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Native American Ethnogenesis and Endurance in the Modern World
A Bedouin asking a fellow tribesman about grazing conditions in other parts of the country says first simply, “Fih hayah?” or “Is there life?” A desert Arab’s knowledge of the sparse vegetation is tied directly to his life and livelihood.
Bedouin Ethnobotany offers the first detailed study of plant uses among the Najdi Arabic–speaking tribal peoples of eastern Saudi Arabia. It also makes a major contribution to the larger project of ethnobotany by describing aspects of a nomadic peoples’ conceptual relationships with the plants of their homeland.
The modern theoretical basis for studies of the folk classification and nomenclature of plants was developed from accounts of peoples who were small-scale agriculturists and, to a lesser extent, hunter-gatherers. This book fills a major gap by extending such study into the world of the nomadic pastoralist and exploring the extent to which these patterns are valid for another major subsistence type. James P. Mandaville, an Arabic speaker who lived in Saudi Arabia for many years, focuses first on the role of plants in Bedouin life, explaining their uses for livestock forage, firewood, medicinals, food, and dyestuffs, and examining other practical purposes. He then explicates the conceptual and linguistic aspects of his subject, applying the theory developed by Brent Berlin and others to a previously unstudied population. Mandaville also looks at the long history of Bedouin plant nomenclature, finding that very little has changed among the names and classifications in nearly eleven centuries.
This volume includes a CD-ROM featuring more than 340 color images of the people, the terrain, and nearly all of the plants mentioned in the text as well as an audio file of a traditional Bedouin song and its translation and analysis.
An essential volume for anyone interested in the interaction between human culture and plant life, Bedouin Ethnobotany will stand as a definitive source for years to come.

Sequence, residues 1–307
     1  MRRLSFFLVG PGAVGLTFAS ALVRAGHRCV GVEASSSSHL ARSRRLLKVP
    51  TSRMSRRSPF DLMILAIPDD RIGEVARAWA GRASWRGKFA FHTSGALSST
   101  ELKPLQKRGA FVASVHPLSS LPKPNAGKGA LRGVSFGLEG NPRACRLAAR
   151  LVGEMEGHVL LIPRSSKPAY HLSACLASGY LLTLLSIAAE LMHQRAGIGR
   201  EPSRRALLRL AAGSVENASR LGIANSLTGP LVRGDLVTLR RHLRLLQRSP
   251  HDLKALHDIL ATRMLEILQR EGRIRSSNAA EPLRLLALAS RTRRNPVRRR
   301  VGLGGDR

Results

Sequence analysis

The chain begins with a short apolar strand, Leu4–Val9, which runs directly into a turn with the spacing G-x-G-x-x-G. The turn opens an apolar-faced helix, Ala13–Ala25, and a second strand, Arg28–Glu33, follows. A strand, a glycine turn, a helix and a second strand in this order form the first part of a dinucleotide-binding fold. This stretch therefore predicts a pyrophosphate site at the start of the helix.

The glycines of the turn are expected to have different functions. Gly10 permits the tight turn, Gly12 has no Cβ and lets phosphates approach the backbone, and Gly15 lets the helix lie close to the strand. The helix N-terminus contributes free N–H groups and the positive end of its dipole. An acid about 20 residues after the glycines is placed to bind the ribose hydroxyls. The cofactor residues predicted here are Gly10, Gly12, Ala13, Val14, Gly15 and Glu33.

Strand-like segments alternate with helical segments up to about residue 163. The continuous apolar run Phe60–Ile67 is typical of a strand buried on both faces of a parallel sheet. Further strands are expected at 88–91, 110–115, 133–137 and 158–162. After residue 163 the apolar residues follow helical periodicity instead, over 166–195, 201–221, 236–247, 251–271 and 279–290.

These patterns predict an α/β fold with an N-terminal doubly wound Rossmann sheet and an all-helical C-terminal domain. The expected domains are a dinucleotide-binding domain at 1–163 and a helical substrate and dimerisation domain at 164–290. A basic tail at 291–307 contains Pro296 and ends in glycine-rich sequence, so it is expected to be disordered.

A Fire History of Contemporary America
Native Depopulation in North America
Poetry and Performance in Spanish America
Work and Revolution in Rural Mexico
Diné Oral Histories of the Navajo-Hopi Land Dispute
When Moses descended Mount Sinai carrying the Ten Commandments, he never could have foreseen how one family in Los Angeles in the early twenty-first century would struggle to live by them.
Conchita, a voluptuous, headstrong single woman of a certain age, sees nothing wrong with enjoying the company of handsome—and usually much younger—men . . . that is, until she encounters a widower with unusual gifts and begins to think about what she really wants out of life.
Julieta, Conchita’s younger sister, walks a more traditional path, but she and her husband each harbor secrets that could change their marriage and their lives forever. Their twin sons, both in college, struggle to find fulfillment. Mateo refuses to let anyone stand in the way of his happiness, while Rolando grapples with his sexuality and the family’s expectations. And from time to time, Belén, the family’s late matriarch, pays a visit to advise, scold, or cajole her hapless descendants.
A delightful family tapestry woven with the threads of all those whose lives are touched by Conchita, The Book of Want is an enchanting blend of social and magical realism that tells a charming story about what it means to be fully human.
Where Wealth and Poverty Collide